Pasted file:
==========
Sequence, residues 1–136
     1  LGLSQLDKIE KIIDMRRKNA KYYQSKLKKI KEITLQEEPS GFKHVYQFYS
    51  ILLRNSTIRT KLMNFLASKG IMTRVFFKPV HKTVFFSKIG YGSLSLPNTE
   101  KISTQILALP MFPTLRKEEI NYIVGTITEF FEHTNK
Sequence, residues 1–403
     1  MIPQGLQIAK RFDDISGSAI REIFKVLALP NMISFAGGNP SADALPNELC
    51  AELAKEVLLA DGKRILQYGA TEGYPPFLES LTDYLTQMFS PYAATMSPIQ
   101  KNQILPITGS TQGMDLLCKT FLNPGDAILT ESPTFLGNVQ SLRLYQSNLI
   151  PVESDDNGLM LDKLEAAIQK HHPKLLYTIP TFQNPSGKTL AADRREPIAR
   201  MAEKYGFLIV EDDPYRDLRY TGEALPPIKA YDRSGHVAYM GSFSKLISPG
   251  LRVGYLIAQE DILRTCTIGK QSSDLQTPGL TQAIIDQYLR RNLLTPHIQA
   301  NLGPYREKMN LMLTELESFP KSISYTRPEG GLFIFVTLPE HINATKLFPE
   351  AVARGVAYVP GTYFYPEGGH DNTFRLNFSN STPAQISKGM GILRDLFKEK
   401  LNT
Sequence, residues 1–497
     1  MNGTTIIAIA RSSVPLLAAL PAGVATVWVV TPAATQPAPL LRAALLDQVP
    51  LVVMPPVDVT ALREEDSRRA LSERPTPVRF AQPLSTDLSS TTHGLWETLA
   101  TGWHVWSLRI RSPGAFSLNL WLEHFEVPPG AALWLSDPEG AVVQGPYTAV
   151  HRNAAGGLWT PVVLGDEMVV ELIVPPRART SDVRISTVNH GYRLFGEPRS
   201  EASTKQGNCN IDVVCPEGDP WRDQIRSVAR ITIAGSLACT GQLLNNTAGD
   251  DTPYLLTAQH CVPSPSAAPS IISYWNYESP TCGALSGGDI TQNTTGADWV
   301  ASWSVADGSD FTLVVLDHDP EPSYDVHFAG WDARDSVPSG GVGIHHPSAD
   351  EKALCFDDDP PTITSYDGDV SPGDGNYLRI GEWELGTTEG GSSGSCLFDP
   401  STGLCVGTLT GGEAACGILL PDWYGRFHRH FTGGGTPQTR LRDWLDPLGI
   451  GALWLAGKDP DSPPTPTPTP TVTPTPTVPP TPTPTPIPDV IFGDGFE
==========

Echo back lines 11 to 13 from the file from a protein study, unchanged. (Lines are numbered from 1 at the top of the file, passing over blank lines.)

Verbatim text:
   251  LRVGYLIAQE DILRTCTIGK QSSDLQTPGL TQAIIDQYLR RNLLTPHIQA
   301  NLGPYREKMN LMLTELESFP KSISYTRPEG GLFIFVTLPE HINATKLFPE
   351  AVARGVAYVP GTYFYPEGGH DNTFRLNFSN STPAQISKGM GILRDLFKEK